After two hours my fingers remembered, the notes returned. By the third hour, there were glimpses of music! I HAD to play, my soul was famished! No meals were prepared, no work was done, my family was left to fend for themselves. Apparently listening to my playing is a ‘beautiful’ way to drift off to sleep!
At 10.15 pm, I stopped as abruptly as I had begun. I was full, my hunger satisfied! I wished my husband goodnight and fell into a deep sleep.
I had remembered that I am a musician!
There are so many definitions and controversy about classifications of giftedness. A conversation that we will save for another time!
If I had to pick one quality that gifted individuals portray most frequently, it is their insatiable desire to learn, especially in their area of passion.
Unfortunately schools do not always provide opportunities for students to immerse themselves in learning.
Funny, I always thought that is what schools were for!
Many gifted students spend hours everyday ‘learning’ things they can already do with ease or have no interest in. Too often they hand in substandard work because they are literally ‘asleep’ at school.
As teachers and parents we need to become detectives. Watching for that ‘spark’ of passion waiting to be awakened. A question from parched lips, sparkling eyes, alive at last!
When I was a new graduate and coordinator of the Gifted and Talented Program I went to the Principal and advocated for Passion Projects. Opportunities for students to spend time learning in their interest area. There was of course curriculum to get through! Calling something Passion Projects with teenagers in the Western Suburbs was asking for trouble. He was probably right about that one!
When did we decide that the curriculum is more important than learning?
That formal assessment is more important than knowing ourselves? Or the only way to structure our day is to compartmentalise it into separate subjects?
I appreciate that changing the whole structure of schools is no easy task. (Not that I don’t wish we could!) We can still begin in small powerful ways.
Here are five ideas to get your started…
1. Observe your students (your children)
Start to notice those moments of aliveness. ‘Listen’ to their body language. Connect with their energy in the classroom. With practice you can ‘feel’ whether your students are energetically present, missing in action, asleep or spinning out of control. This last one is very common with creative students who are creating their own entertainment!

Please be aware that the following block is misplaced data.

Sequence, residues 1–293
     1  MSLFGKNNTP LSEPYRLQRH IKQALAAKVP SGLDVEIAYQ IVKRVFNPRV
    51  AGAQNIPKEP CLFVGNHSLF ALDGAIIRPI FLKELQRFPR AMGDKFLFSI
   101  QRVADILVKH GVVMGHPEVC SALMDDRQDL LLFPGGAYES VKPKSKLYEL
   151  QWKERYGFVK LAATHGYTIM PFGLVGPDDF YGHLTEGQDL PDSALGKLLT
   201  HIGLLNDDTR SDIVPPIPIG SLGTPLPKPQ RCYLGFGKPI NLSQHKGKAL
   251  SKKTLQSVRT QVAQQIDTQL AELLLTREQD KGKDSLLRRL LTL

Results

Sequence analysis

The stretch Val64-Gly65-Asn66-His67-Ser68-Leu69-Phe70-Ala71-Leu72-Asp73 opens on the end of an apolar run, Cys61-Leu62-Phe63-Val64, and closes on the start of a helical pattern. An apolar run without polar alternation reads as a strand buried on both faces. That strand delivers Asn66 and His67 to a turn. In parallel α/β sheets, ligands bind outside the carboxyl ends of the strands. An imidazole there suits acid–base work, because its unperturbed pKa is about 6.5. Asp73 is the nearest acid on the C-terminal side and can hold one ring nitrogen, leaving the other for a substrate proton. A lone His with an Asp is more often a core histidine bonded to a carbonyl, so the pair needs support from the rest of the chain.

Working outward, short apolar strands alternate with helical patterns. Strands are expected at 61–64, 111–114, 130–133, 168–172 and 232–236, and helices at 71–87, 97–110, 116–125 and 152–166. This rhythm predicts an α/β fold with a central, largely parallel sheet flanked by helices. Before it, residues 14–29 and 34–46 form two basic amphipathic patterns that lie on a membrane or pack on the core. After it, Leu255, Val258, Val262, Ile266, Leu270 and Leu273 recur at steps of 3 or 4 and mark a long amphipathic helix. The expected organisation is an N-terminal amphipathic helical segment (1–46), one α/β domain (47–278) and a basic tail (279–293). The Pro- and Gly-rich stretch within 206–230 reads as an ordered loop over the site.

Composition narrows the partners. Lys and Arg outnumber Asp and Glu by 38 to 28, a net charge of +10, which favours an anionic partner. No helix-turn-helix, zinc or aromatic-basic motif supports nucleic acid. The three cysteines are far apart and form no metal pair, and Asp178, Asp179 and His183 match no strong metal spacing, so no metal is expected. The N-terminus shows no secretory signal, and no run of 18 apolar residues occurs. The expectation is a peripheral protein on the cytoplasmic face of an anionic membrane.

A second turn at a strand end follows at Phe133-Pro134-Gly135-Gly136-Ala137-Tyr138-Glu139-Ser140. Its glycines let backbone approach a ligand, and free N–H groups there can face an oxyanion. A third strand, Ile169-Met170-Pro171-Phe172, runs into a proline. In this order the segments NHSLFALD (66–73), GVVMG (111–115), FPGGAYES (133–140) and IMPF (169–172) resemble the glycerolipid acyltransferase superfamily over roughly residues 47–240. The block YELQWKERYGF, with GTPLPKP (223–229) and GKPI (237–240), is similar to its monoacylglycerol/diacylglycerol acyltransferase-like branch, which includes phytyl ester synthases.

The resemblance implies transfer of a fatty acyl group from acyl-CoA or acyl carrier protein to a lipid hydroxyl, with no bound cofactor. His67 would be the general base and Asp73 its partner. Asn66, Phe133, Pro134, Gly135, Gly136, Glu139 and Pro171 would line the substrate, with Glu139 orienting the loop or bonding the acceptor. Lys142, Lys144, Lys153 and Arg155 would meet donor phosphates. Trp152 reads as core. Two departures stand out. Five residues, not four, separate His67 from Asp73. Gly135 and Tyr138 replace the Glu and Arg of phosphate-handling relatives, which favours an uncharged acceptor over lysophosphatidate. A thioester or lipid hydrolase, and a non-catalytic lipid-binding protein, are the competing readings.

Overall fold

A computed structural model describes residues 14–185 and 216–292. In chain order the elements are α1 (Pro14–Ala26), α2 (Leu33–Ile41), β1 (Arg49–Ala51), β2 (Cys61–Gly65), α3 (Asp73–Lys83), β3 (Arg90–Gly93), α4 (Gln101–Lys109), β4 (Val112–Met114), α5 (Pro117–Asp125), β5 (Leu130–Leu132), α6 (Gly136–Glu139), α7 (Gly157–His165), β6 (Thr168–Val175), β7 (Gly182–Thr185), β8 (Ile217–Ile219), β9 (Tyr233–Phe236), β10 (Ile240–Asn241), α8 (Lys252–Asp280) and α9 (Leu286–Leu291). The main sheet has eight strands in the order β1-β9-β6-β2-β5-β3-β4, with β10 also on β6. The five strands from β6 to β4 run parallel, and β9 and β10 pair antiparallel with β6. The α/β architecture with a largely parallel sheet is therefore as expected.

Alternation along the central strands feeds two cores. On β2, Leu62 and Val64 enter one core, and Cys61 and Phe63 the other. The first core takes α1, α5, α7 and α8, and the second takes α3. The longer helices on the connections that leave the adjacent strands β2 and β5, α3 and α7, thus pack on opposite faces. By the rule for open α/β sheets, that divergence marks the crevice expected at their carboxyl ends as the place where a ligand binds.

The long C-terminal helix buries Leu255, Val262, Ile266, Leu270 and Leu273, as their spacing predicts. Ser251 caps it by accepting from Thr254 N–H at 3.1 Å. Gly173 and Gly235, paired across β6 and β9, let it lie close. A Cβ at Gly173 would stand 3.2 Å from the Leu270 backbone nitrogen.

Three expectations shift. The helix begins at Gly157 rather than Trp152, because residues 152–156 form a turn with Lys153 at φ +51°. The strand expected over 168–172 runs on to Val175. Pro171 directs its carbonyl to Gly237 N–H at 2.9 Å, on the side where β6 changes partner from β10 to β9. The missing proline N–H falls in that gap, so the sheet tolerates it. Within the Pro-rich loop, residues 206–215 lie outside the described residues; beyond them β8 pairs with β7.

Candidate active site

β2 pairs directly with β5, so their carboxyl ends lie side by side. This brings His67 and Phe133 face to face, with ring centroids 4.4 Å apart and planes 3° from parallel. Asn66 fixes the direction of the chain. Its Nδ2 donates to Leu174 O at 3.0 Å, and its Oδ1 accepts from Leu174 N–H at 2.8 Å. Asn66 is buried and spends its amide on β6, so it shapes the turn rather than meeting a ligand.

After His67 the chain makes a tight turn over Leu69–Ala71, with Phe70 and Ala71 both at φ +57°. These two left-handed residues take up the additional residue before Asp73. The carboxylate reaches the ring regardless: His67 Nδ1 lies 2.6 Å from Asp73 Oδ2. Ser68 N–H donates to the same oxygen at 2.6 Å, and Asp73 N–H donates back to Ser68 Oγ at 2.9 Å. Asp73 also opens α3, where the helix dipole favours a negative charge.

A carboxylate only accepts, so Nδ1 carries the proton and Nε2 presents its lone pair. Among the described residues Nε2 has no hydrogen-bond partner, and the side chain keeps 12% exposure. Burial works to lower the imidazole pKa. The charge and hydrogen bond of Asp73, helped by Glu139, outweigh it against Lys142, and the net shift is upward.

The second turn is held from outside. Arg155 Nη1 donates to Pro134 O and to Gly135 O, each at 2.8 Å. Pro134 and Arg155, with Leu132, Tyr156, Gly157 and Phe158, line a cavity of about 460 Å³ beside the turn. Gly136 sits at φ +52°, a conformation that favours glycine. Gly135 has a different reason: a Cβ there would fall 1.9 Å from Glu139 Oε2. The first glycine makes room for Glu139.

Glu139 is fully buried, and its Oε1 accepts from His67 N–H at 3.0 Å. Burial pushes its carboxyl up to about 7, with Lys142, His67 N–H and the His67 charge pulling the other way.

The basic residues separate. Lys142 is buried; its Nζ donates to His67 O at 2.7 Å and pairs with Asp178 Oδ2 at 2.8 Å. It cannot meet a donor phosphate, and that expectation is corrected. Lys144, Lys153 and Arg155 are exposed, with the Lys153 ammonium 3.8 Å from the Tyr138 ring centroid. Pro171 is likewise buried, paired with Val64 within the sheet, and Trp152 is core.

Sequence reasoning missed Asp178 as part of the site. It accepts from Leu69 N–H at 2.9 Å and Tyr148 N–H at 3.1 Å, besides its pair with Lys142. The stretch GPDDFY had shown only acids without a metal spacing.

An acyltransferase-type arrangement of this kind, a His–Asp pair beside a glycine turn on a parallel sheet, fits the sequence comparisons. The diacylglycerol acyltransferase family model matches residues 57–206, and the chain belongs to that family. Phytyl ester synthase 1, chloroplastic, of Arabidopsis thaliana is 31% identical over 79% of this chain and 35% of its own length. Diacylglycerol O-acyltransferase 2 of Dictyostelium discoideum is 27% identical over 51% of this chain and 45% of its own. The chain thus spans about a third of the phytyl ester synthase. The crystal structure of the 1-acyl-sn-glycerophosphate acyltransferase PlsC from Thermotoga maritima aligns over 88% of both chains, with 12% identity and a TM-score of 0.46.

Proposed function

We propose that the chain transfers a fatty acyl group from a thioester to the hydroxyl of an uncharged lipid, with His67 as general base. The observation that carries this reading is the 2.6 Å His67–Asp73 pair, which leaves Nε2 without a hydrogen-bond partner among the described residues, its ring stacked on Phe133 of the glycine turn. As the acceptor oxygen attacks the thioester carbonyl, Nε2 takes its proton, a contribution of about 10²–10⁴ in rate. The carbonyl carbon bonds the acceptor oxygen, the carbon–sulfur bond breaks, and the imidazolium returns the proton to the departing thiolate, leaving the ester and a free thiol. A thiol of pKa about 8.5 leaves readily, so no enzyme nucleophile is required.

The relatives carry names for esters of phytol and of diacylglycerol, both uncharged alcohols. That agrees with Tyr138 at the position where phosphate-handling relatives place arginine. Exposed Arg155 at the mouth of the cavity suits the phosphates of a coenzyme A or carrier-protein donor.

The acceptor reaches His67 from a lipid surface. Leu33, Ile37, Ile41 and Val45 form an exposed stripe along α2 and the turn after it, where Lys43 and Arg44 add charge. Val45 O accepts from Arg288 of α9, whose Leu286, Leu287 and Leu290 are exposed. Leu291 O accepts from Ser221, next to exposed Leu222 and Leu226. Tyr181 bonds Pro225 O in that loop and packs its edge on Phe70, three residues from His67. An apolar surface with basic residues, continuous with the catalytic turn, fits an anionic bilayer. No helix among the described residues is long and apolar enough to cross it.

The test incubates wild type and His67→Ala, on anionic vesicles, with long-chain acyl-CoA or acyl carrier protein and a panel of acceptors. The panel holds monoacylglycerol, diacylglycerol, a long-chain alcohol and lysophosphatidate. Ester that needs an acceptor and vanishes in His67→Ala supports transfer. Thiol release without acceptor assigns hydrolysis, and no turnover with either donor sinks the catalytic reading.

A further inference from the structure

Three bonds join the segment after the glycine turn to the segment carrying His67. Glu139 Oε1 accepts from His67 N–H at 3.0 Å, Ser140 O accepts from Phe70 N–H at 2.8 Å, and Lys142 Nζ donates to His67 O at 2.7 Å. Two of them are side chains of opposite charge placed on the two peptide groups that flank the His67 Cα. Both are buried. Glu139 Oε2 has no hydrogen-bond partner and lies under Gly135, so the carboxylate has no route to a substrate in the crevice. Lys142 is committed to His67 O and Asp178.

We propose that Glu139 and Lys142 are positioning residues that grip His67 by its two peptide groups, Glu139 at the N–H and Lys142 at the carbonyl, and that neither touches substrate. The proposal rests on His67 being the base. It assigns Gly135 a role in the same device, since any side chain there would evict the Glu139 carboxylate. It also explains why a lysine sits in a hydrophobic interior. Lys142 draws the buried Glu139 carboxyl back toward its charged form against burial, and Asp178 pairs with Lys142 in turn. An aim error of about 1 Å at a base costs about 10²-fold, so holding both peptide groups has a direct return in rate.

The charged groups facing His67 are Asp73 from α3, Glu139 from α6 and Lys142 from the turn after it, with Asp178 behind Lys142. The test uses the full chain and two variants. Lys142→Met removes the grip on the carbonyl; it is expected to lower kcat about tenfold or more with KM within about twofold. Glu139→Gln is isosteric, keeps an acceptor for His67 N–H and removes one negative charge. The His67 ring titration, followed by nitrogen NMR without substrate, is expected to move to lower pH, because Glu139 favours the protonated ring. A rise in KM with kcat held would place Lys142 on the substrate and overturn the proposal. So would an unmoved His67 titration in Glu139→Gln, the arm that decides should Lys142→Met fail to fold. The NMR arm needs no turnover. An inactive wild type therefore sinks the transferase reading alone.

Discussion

2. Get Curious
Ask open ended questions to uncover your students areas of interest. Get curious about how they spend their time. If they were to design the perfect school day, what would they be learning about? How would they be learning?
3. Be courageous
What are you currently doing that is a learning turn off? Do they have suggestions? You can create a classroom environment where honest feedback is welcome. Teach them how to give and receive feedback. Show them you are willing to act on feedback where you can, encourage them to do the same.
4. Provide opportunities for self directed study
There are always places were students can design their own special interest project. Gifted students will want to go DEEP for extended periods of time! Pretesting for existing knowledge and curriculum compacting can free up space for immersion. Conversations are really important. They take learning into unexpected places.
5. Know yourself
As teachers and parents we can be so focused on meeting the needs of others that we forget that we have our own passions too! When you give yourself permission to spend time on what you love, you will naturally make this a priority for the young people in your care!
Did you know?
The majority of teachers and parents who feel drawn to this website are themselves GIFTED. That means I am talking to you.
It is time to get to know yourself as a gifted adult. Until January 31st 2015, I am offering a very special coaching session to help you uncover your genius. You can find out more about the program here.